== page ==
The first-ever all-electric BMW i4 rolls off the production line at the automakers 100 year old plant in Munich, Germany.
BMW will produce the all-electric BMW i4 alongside several other conventional and plug-in models at its Plant Munich.
BMW is aiming that by 2023, more than half of all vehicles from the Munich plant will have an electric drive.
BMW is celebrating a manufacturing and a production milestone at its almost 100 years plant in Munich, Germany, as the first-ever all-electric BMW i4 model rolled off the production line on Friday.
The production of the all-electric vehicle also kicks off an electric future for BMW, as the German marque is targeting “exactly the niche that Tesla is also serving with its offering.”
Production board member, Milan Nedeljkovic described the i4 as “a milestone for this plant and its team on the road to e-mobility.”, adding that BMW is aiming that “by 2023, more than half of all vehicles from (our) Munich will have an electric drive,”
BMW will produce the all-new, all-electric BMW i4 alongside several other conventional and plug-in models at its Plant Munich in Germany, thanks to an upgrade worth €200 million.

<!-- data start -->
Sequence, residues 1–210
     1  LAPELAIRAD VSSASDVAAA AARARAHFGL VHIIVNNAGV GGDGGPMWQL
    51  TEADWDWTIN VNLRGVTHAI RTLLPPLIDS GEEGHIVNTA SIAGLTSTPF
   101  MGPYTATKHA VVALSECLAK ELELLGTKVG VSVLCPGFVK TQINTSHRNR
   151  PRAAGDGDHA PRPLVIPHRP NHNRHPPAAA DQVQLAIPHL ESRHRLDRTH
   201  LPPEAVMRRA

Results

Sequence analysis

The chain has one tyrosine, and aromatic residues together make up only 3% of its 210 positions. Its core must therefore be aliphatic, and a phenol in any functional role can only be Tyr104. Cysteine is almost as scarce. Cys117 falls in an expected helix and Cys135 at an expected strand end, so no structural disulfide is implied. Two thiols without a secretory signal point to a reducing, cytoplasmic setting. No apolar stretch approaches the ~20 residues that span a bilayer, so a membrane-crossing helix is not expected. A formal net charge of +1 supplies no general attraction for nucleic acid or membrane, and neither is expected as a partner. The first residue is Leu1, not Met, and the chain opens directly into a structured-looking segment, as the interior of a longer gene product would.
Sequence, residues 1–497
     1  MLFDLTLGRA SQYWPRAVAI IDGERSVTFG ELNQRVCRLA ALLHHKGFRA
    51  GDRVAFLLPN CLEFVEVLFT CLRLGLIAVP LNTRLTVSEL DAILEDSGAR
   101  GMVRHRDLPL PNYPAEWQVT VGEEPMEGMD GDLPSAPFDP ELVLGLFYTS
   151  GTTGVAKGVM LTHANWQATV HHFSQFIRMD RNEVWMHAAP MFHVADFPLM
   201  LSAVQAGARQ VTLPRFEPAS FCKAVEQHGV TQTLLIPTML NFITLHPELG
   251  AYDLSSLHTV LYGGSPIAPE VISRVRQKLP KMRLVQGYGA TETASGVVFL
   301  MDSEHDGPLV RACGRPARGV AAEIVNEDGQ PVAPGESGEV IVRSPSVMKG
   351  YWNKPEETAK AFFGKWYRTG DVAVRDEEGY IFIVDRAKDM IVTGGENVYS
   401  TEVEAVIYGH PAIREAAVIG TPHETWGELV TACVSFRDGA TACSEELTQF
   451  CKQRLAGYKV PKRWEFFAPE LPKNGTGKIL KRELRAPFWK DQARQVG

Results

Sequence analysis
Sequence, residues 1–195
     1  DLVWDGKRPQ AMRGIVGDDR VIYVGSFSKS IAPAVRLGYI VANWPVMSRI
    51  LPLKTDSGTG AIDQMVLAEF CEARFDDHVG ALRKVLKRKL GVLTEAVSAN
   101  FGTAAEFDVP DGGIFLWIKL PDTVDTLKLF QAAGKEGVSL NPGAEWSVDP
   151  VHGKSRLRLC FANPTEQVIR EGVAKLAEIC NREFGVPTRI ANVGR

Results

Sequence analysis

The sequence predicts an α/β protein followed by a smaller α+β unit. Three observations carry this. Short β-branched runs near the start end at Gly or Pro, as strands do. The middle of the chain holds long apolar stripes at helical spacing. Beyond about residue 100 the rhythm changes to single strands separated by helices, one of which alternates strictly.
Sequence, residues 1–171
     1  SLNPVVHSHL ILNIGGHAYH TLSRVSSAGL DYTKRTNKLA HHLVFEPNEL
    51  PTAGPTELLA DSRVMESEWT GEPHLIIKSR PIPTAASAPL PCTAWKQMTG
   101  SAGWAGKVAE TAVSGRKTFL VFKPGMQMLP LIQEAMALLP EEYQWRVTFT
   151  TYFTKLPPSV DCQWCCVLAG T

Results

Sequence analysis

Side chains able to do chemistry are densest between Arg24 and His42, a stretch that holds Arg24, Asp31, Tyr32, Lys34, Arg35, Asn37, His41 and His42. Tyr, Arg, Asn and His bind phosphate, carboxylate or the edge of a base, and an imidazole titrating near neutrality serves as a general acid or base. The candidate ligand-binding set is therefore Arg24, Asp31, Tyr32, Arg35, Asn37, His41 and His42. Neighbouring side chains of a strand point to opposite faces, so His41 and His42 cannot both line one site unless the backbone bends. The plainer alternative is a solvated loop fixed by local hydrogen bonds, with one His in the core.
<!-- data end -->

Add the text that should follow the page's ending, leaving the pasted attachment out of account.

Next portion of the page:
The company currently produces combustion-powered and plug-in hybrid BMW 3 Series Sedan and Touring, the BMW M3, the BMW 4 Series Gran Coupe and the i4 EV at the Munich plant.
The production of all drive variants on a single assembly line at the Munich plant requires a lot of flexibility and integration, according to Peter Weber, Director of BMW Group Plant Munich.
Weber admits that setting up production of the fully electric BMW i4 at the almost 100-year-old plant, the conversion and installation of systems proved particularly challenging.
“We succeeded in integrating the new vehicle into our existing systems without halting production. The team and our partners did an amazing job,”
BMW also explains that the main difference between the i4 EV and conventional architectures is the electric drive and high-voltage battery, adding that about 90 percent of existing systems are common.